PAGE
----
May 21, 2012

Commonwealth Writers: Regional Winners for 2012

Commonwealth Writers announces regional winners for 2012 prizes

21 May 2012

Commonwealth Writers has announced the regional winners for the 2012 Commonwealth Book Prize and Commonwealth Short Story Prize. Representing Africa, Asia, Canada & Europe, Caribbean, and the Pacific regions, these new writers will now compete for overall winner which will be announced at Hay Festival on 8 June.

Commonwealth Book Prize

Regional Winner, Africa
Jacques Strauss, South Africa The Dubious Salvation of Jack V, Jonathan Cape

Regional Winner, Asia
Shehan Karunatilaka, Sri Lanka, Chinaman: The Legend of Pradeep Mathew, Random House

Regional Winner, Canada and Europe
Riel Nason, Canada, The Town that Drowned, Goose Lane Editions

Regional Winner, Caribbean
Alecia McKenzie, Jamaica, Sweetheart, Peepal Tree Press

Regional Winner, Pacific
Cory Taylor, Australia, Me and Mr Booker, The Text Publishing Company

Commenting on the winners, Chair of the Commonwealth Book Prize, Margaret Busby said, “We were wonderfully spoilt for choice among some strong regional contenders on the shortlist, and although we could not take every favourite further, the books that triumphed are a reminder of what the best fiction can be: moving, entertaining, enlightening, exciting, engaging our thoughts and emotions, while creating an intimate connection with someone else’s imagination. Here are novels with memorable characters, unpredictable situations, a sense of humour, books that give insights into cultures and histories not our own, crafted by writers who care about language, and its ability to renew and enrich our view of the world. ”

Commonwealth Short Story Prize

Regional Winner, Africa
Jekwu Anyaegbuna, Nigeria, Morrison Okoli (1955-2010)

Regional Winner, Asia
Anushka Jasraj, India, Radio Story

Regional Winner, Canada and Europe
Andrea Mullaney, UK, The Ghost Marriage

Regional Winner, Caribbean
Diana McCaulay, Jamaica, The Dolphin Catcher

Regional Winner, Pacific
Emma Martin, New Zealand, Two Girls in a Boat

Chair of the Commonwealth Short Story Prize, Bernardine Evaristo said, “The five regional winning stories this year rose to the top of a pool of 2200 entries and are the result of vigorous debate among the judges. We discussed not only the quality of the storytelling but the context of their respective literary cultures including notions of stereotypes and ‘the prize-winning formula’. Our final choices encompass range, depth, beauty, unpredictability and re-readability. These short stories will take you on a journey that spans cultures, eras, generations, and diverse ways of being and seeing. To read them is to inhabit other worlds.”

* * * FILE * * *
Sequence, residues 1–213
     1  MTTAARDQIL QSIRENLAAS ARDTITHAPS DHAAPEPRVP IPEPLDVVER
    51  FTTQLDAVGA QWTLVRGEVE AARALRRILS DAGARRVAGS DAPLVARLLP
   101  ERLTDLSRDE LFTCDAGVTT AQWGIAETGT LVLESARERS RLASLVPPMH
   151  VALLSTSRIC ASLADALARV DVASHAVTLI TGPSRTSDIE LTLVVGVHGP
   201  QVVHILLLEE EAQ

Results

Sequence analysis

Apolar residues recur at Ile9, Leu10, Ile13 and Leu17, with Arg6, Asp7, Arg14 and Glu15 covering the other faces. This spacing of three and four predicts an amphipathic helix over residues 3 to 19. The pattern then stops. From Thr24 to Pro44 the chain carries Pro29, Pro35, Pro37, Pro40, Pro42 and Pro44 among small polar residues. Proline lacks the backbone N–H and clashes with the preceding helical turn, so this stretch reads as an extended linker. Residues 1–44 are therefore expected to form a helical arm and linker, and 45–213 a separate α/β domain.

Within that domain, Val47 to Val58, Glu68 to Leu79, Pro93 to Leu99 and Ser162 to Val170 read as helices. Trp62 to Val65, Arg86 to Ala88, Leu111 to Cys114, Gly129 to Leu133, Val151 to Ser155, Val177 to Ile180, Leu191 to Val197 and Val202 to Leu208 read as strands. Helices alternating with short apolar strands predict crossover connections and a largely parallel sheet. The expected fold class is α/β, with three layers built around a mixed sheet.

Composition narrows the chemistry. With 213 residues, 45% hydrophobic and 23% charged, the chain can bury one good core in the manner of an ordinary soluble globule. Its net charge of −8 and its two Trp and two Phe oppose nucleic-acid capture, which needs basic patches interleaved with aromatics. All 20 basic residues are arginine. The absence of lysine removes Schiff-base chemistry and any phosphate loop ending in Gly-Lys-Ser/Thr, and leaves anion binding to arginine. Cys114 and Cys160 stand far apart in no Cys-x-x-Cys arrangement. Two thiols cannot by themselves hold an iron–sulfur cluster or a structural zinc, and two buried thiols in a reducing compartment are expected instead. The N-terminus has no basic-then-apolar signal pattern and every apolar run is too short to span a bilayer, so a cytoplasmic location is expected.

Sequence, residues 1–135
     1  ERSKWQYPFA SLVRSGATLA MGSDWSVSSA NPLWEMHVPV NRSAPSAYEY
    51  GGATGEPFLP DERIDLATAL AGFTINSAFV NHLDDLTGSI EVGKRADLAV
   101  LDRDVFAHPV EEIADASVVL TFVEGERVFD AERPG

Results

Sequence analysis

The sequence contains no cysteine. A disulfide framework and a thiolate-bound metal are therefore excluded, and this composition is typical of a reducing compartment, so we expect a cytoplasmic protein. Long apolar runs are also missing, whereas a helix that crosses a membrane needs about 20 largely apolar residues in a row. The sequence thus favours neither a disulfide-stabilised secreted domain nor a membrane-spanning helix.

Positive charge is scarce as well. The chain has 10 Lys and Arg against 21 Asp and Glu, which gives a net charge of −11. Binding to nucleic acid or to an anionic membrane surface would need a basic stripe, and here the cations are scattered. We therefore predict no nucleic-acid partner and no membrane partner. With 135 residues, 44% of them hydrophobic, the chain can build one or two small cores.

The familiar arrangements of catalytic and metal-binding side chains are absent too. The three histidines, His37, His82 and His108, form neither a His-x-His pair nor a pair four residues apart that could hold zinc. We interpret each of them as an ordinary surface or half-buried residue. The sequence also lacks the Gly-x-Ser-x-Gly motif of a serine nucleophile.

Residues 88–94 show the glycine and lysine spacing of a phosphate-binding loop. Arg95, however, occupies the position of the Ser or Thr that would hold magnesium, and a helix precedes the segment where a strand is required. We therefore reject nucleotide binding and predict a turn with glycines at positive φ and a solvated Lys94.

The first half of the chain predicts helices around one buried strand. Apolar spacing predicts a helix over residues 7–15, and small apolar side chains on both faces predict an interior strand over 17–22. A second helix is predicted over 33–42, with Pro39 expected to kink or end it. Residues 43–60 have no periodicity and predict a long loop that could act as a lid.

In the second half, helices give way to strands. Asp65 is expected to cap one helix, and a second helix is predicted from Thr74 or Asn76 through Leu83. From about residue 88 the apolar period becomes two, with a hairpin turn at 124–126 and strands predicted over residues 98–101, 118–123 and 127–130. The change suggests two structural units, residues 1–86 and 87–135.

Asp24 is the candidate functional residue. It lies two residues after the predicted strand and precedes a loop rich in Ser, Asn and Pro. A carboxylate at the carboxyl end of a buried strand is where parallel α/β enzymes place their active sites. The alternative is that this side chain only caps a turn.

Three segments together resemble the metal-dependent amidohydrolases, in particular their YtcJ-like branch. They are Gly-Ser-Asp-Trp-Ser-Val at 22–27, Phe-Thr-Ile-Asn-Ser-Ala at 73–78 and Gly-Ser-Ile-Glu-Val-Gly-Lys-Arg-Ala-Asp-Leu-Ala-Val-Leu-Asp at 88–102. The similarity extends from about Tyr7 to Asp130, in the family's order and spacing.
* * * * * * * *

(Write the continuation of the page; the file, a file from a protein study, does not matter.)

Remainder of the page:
Commonwealth Writers has partnered with Granta magazine to give regional winners of the Commonwealth Short Story Prize the opportunity to be published by Granta online during the week commencing 4 June.
John Freeman, Editor of Granta said: “The Commonwealth Short Story Prize introduces some of the best writers in the world, writers who bring a thrilling and essential glimpse of the world and the worlds that are within Britain. This is also what I hope Granta has been as a magazine. A Trojan Horse for writers you don’t know, but once you read cannot forget: writers who can make the ground beneath your feet a little more mysterious. I am pleased Granta can partner with the Commonwealth Short Story Prize to help carry this mission forward.”

Commonwealth Writers is a new cultural programme within the Commonwealth Foundation which develops, connects and inspires writers. By awarding prizes and running on-the-ground activities, it works in partnership with international literary organisations, the wider cultural industries and civil society to help writers develop their craft in the fifty four countries of the is a forum where members from anywhere in the world can exchange ideas and contribute to debates.
To mark the 25th anniversary of the Commonwealth Writers’ Prize in 2011, the Commonwealth Foundation re-launched its prizes to form part of Commonwealth Writers. The prizes act as catalysts to target and identify talented writers from different regions who will go on to inspire and inform their local communities.

Lucy Hannah, Programme Manager (Culture) Commonwealth Foundation, said “These two new prizes are a really positive start toCommonwealth Writers. We had entries from a huge range of countries including Lesotho, St. Kitts and Nevis, and Samoa. We’ll now be helping our regional winners to gain a wider readership, develop their craft and to inspire others in their region.”


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